In light of that continued focus, the changes Rosenstein announced suggest a refocusing or retrenchment of the policy set out in the Yates Memo, rather than a complete reversal of course, at least with respect to criminal matters. A complete reversal should not be expected inasmuch as prosecuting responsible individuals has long been a focus in federal white collar cases. Rosenstein emphasized that the “most important aspect” of the new policy was that, in order for a corporation to receive credit for cooperation, it “must identify all wrongdoing by senior officials, including members of senior management or the board of directors.” To that end, and in order to provide more flexibility in bringing criminal investigations to a resolution, the new policy permits government investigators to award credit for cooperation when a corporation identifies “the individuals who play significant roles in setting a company on a course of criminal conduct” (emphasis added). In this regard, he stated that the DOJ wants “to know who authorized the misconduct, and what they knew about it.” Consistent with this goal, to be awarded maximum credit for cooperation under the new policy, a corporation “must identify every individual person who was substantially involved in or responsible for the misconduct.”
The new policy also repudiates the Yates Memo’s approach that treated criminal and civil investigations in a similar way. Rosenstein observed that the government’s objectives in these investigations are different; namely, in a civil investigation, the primary goal is to recover money from wrongdoers. In practice, the Yates Memo’s “all or nothing” approach was “counterproductive” to this goal. Therefore, the new policy allows DOJ attorneys to provide credit on a sliding scale based on the degree of cooperation provided by the company, e.g., where the parties cannot reach agreement about the identity or culpability of every employee potentially involved in misconduct. Therefore, the new policy will restore a measure of discretion to the department’s civil attorneys to “accept settlements that remedy the harm and deter future violations, so they can move on to other important cases.”
Rosenstein reiterated the government’s interest in pursuing individual wrongdoers and emphasized that corporations that failed to cooperate in good faith or sought to conceal misconduct by their senior leaders would not receive any cooperation credit. Nonetheless, this new policy relaxes the Yates Memo’s stringent approach. Rosenstein positioned the new policy’s changes as responding to the impracticalities of the Yates Memo’s requirements, conceding that these requirements were unrealistic in practice. It remains to be seen whether the new policy will mark a change in the DOJ’s approach in a more reasonable direction or whether it will merely ratify the existing day-to-day enforcement regime.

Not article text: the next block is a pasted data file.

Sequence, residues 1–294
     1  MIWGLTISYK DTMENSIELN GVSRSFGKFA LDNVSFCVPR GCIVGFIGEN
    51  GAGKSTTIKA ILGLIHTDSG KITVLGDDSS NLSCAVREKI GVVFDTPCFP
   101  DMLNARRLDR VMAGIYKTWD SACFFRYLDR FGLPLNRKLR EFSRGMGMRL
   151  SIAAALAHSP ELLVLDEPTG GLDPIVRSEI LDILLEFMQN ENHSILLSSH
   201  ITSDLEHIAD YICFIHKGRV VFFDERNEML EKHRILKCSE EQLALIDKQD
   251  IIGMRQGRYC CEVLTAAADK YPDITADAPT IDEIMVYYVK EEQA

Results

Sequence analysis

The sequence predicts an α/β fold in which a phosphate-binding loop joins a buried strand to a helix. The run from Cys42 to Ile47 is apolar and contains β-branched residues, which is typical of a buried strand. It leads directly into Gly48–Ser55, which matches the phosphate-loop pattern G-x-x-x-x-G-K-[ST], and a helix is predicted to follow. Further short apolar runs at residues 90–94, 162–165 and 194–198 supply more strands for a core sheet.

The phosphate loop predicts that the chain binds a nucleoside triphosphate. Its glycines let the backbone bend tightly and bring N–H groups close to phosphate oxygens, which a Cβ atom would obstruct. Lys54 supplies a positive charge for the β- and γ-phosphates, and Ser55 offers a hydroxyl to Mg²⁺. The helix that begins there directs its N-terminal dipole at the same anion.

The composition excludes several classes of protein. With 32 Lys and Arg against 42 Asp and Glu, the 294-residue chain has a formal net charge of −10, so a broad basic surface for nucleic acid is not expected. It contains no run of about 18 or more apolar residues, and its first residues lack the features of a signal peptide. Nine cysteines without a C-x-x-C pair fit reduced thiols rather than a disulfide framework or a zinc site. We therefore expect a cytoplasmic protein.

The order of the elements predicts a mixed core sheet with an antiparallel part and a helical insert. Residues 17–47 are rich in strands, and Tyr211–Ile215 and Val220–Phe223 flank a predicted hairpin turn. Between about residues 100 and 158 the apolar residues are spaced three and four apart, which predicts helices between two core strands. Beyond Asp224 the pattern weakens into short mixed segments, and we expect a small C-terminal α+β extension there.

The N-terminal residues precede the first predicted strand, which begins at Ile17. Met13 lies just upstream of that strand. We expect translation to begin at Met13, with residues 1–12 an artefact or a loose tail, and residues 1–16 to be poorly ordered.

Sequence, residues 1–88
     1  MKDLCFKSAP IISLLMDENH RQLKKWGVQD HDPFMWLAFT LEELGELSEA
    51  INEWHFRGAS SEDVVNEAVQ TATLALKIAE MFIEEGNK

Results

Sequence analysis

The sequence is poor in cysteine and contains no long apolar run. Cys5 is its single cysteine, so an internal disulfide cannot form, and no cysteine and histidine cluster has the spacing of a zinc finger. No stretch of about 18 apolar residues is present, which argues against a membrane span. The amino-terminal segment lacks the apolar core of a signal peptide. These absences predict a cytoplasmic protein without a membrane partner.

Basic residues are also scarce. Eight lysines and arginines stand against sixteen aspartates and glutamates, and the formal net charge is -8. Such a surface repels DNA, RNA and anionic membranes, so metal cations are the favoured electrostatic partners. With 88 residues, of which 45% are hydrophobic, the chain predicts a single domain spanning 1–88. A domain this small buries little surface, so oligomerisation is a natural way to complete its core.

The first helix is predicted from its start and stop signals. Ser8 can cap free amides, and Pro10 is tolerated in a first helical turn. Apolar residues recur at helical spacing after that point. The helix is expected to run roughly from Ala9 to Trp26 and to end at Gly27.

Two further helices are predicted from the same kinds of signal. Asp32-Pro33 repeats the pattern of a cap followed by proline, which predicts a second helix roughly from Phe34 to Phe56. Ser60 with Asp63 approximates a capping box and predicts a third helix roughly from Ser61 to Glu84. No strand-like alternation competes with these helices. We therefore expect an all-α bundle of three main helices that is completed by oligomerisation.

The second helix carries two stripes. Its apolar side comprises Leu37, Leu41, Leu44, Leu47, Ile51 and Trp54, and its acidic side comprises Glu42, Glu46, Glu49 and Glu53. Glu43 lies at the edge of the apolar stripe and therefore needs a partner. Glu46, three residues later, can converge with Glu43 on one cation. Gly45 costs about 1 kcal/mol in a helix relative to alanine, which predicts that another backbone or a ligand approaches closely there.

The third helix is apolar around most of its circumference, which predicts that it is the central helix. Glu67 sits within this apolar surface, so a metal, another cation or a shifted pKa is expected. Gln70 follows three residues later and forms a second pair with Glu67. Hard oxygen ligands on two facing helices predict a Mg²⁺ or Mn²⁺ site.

While loosening the restrictions demanded by the Yates Memo and, at least modestly, enhancing the options for companies that cooperate with government investigations, the new policy still leaves significant grounds for disagreement between the DOJ and corporate investigative targets, and substantial room for negotiating settlement terms. As the Department once again alters its focus on cooperation (an evolving effort, ongoing for nearly 20 years), it is essential for corporations facing government investigation to be well-advised by seasoned counsel able to appreciate what is at stake and to craft a strategy to best navigate the shifting shoals of DOJ policy.
McGuireWoods’ Government Investigations and White Collar Department is a nationally recognized team of nearly 60 attorneys representing Fortune 100 and other companies and individuals in the full range of civil and criminal investigations and enforcement matters at both the federal and state levels. Our senior team is composed of a deep bench of former federal officials, including a former Deputy Attorney General of the United States, former U.S. Attorneys, more than a dozen federal prosecutors, and an Associate Counsel to the President of the United States. Strategically centered in Washington, DC, our team was honored as a Law360 “Practice Group of the Year,” and has earned the trust of international companies and individuals in some of the most notable enforcement matters over the last decade. For more information about the breadth and capabilities of our practice, please contact the authors of this article.